At just 28 years old, Milwaukee native Matthew Piekarski has already worked with some of the biggest names in the business—including Wolfgang Puck, Bobby Flay and Kim Canteenwalla—and since his promotion from executive sous chef at Beso, now reigns as one of the youngest executive chefs on the Strip.
The steakhouse’s menu has remained relatively unchanged, despite the changing of Beso’s culinary guard. That’s partly because the eatery’s signature dishes come from family recipes supplied by restaurant co-owner Eva Longoria. The Desperate Housewives star shines as the face of the company, and in return, the restaurant serves some of Longoria’s favorite foods—including tortilla soup, chili-rubbed skirt steak, guacamole and churros. “Most of her recipes come from her childhood,” Piekarski says, “something her mother or grandmother prepared for her.”
Beso Las Vegas shares its menu with its sister spot in Hollywood, yet the local outpost does some things differently. Take, for example, Eva’s churros.
“In Beso Hollywood, they use lard; here we use butter,” Piekarski says. This leaves us wondering if image-conscious Hollywood saw that one coming. Once they’re fried to perfection, Beso Hollywood serves its churros with chocolate sauce, while the Las Vegas location pairs it with Chantilly cream and house-made caramel sauce. Not that either version needs to be dipped; they’re plenty sweet on their own, since the fresh, fluffy treats are rolled in cinnamon and sugar before being served.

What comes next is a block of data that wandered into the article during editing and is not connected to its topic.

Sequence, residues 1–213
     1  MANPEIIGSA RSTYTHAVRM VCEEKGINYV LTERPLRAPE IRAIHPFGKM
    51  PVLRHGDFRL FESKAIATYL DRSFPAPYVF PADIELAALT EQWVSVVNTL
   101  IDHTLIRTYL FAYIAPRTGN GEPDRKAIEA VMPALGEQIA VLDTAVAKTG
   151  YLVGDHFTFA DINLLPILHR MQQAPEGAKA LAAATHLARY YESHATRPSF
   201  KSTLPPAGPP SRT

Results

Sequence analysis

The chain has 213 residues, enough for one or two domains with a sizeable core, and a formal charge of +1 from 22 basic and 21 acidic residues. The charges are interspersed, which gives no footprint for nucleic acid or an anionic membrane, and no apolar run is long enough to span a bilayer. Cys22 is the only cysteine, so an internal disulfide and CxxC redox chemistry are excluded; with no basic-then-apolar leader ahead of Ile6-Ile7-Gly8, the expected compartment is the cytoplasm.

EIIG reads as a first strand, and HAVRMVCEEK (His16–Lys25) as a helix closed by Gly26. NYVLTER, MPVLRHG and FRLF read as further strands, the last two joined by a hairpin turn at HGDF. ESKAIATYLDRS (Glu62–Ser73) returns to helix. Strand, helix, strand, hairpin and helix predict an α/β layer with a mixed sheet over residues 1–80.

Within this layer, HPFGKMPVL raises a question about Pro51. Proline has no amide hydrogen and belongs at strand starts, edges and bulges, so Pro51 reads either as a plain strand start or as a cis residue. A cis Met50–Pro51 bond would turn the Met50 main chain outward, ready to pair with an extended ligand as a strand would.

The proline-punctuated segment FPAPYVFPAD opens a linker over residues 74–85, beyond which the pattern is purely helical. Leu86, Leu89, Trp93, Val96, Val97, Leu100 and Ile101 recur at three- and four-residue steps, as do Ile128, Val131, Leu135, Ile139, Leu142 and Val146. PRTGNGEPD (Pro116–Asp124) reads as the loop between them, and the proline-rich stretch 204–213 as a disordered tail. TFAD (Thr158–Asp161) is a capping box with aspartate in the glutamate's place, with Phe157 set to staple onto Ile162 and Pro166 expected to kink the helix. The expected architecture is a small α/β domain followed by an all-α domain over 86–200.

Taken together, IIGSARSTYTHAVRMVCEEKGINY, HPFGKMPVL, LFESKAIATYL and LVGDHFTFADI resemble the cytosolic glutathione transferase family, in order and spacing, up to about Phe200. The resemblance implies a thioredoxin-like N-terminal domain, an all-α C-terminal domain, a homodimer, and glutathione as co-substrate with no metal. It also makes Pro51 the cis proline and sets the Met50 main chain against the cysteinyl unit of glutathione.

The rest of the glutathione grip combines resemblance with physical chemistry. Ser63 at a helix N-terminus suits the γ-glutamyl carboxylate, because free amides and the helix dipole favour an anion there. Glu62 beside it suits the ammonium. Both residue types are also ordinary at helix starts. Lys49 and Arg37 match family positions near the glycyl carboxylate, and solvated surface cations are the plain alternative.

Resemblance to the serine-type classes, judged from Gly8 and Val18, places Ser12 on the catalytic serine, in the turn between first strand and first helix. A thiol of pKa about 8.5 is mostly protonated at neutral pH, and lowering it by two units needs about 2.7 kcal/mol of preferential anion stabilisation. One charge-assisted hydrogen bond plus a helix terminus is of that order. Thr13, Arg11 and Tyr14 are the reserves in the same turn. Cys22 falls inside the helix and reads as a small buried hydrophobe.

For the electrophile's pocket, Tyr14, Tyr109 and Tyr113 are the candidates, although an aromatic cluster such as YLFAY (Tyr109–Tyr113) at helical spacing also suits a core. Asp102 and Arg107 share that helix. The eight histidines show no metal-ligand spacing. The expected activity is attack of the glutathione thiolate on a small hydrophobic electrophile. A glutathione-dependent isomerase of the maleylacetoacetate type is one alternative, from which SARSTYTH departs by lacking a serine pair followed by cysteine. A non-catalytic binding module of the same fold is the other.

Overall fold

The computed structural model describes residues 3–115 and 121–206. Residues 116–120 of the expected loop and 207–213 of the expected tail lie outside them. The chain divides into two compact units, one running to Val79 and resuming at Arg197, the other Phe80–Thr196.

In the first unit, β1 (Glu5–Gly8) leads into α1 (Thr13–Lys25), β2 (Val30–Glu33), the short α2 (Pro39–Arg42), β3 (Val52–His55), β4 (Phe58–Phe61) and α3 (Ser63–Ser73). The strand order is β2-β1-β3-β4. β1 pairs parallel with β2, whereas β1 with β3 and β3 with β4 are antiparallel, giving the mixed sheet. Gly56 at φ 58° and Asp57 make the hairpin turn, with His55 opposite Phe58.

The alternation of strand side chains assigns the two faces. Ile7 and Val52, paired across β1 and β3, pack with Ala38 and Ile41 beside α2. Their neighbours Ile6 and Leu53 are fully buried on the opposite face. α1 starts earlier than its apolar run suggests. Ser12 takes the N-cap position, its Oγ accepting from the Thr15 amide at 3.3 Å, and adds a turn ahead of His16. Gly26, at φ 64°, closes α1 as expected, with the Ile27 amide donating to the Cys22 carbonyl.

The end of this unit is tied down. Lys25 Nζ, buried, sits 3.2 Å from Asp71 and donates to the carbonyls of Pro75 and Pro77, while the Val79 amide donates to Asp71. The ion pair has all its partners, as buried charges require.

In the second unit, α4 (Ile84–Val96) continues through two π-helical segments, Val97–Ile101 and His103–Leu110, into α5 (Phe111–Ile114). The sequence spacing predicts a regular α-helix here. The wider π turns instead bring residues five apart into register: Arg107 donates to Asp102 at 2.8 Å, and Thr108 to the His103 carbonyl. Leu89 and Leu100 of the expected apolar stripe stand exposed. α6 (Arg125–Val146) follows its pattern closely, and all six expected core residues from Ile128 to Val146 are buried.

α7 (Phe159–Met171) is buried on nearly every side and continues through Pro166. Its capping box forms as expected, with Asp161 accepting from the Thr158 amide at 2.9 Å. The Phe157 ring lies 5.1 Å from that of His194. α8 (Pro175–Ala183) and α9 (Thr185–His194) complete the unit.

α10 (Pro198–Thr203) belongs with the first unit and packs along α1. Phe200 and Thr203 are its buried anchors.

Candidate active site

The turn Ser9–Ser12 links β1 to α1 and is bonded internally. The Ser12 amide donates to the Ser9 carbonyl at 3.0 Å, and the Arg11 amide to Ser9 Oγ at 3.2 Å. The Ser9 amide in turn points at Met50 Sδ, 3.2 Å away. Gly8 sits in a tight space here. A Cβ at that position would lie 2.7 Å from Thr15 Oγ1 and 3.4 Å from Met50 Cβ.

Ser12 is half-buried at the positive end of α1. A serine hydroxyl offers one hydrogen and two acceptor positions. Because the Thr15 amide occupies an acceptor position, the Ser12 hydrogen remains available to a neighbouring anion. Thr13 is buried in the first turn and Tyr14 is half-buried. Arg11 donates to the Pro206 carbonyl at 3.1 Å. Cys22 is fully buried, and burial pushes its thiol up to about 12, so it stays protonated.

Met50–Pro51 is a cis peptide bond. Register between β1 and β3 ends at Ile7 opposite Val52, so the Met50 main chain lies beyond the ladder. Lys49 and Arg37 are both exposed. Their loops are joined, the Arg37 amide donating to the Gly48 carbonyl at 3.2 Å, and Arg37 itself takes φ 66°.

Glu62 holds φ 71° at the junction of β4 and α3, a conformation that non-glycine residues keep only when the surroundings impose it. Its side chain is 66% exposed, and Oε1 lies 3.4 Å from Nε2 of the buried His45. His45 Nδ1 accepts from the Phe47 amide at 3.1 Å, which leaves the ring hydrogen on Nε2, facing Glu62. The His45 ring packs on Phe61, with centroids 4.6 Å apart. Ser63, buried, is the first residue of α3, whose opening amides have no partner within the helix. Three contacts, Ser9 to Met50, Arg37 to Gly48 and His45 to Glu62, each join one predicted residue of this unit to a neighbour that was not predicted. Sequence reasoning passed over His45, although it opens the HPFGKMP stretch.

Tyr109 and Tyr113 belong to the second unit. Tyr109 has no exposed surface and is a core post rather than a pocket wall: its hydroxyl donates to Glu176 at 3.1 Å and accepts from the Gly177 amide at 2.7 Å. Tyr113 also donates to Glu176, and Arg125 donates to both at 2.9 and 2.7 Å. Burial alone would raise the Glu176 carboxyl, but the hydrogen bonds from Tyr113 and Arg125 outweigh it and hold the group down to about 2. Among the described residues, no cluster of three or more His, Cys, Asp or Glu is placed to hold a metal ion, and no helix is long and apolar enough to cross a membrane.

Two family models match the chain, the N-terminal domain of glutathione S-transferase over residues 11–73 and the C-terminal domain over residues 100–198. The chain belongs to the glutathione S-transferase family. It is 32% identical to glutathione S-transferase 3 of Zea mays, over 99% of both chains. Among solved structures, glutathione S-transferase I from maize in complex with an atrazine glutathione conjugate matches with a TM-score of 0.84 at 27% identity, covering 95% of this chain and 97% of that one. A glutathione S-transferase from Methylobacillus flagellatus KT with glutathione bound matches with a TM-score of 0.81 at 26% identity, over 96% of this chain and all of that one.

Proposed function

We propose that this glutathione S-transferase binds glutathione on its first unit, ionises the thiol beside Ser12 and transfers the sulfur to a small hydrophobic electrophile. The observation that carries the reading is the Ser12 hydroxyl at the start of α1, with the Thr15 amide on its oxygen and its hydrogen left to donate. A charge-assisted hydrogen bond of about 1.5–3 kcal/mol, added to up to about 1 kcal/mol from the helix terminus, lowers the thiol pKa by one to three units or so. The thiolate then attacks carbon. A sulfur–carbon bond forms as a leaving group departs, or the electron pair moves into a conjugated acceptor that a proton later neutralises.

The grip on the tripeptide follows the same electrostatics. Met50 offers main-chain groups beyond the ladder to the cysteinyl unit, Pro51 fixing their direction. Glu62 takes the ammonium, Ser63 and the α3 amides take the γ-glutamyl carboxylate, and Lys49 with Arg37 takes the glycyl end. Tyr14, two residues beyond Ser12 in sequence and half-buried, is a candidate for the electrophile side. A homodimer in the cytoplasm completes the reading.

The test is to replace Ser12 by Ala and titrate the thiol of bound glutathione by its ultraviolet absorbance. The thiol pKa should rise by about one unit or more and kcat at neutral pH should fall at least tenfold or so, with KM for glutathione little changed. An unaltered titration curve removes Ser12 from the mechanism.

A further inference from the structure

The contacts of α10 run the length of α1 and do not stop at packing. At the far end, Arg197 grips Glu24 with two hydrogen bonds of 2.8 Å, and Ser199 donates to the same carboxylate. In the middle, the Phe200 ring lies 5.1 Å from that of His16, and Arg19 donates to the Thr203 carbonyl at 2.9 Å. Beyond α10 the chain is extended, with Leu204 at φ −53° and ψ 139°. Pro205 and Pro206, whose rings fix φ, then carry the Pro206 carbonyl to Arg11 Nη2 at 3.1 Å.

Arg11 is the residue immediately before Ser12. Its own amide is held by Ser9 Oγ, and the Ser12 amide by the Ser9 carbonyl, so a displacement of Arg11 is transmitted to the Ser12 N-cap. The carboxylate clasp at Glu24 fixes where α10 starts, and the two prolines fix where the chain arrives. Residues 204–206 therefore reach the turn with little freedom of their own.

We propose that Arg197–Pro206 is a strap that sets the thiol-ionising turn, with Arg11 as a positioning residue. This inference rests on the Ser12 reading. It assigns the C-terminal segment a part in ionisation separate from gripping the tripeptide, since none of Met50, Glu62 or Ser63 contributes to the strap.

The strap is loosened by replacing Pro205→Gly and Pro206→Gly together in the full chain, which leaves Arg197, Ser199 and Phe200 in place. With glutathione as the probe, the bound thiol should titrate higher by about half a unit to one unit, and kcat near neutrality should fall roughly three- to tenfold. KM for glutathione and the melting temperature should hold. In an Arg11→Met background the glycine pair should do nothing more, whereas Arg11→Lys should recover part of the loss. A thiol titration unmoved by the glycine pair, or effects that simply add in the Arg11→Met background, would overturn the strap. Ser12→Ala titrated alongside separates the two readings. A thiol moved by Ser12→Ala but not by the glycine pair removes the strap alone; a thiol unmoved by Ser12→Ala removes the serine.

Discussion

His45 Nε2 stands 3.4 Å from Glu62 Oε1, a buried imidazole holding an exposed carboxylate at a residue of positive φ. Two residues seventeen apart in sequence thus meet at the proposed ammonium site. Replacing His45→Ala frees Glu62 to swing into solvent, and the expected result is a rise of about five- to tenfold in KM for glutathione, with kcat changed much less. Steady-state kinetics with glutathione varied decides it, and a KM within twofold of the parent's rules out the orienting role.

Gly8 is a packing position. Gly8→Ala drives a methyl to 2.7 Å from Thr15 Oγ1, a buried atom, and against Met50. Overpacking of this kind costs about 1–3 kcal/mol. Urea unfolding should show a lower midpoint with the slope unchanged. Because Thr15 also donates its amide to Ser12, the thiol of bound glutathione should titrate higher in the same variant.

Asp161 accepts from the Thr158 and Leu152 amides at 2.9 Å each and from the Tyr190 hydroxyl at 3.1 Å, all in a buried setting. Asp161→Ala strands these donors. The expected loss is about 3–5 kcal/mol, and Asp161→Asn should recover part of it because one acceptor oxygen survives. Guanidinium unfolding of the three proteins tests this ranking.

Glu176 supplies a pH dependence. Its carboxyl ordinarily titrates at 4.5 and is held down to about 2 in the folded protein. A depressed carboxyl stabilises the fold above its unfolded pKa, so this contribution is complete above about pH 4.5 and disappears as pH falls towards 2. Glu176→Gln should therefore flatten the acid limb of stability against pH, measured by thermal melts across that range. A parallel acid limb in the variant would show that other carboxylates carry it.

“This isn’t your typical churro that you’re going to get if you go to Six Flags or something like that,” Piekarski points out. “And it’s not Spanish style, either. Spanish style is very thin and really, really crunchy,” whereas Piekarski’s churros are light and airy, tender and served warm. He picks one up from a freshly made pile, dunks it in Chantilly cream and takes a bite. “Just grab it and dip,” he says. “That’s what it’s all about.”
Yields 2½ pounds
2 cups water
1½ teaspoon salt
1½ teaspoon vanilla
1 cup butter
12 large eggs
4 cups flour
1 tablespoon cinnamon
1 cup sugar
Canola oil for deep-frying
Bring water, salt, vanilla and butter to a boil. Add flour and mix until a smooth dough ball forms and leaves a film on the bottom of the pot. Put the dough into a stand mixer with a paddle attachment. Mix on medium speed to allow dough to cool slightly. Add eggs one at a time and allow to completely incorporate after each egg. After the dough is cool, place in a pastry bag fitted with No. 7 star tip. Pipe 4-inch-long churros into 300-degree canola oil and fry until golden brown. Carefully remove from the oil and allow to drain and cool slightly. Toss churros in cinnamon and sugar, plate and serve warm with caramel sauce (recipe at WeeklySeven.com/dining) and whipped cream.
2005 Oremus Furmint Tokaji Noble Late Harvest, $15 glass, $69 bottle
“It’s fruity and rich,” says Eva Longoria of the topaz-yellow Hungarian dessert wine prized for its concentrated, nectar-like character, which she serves along with the churros. “I think it pairs well with the caramel. This is the best part!“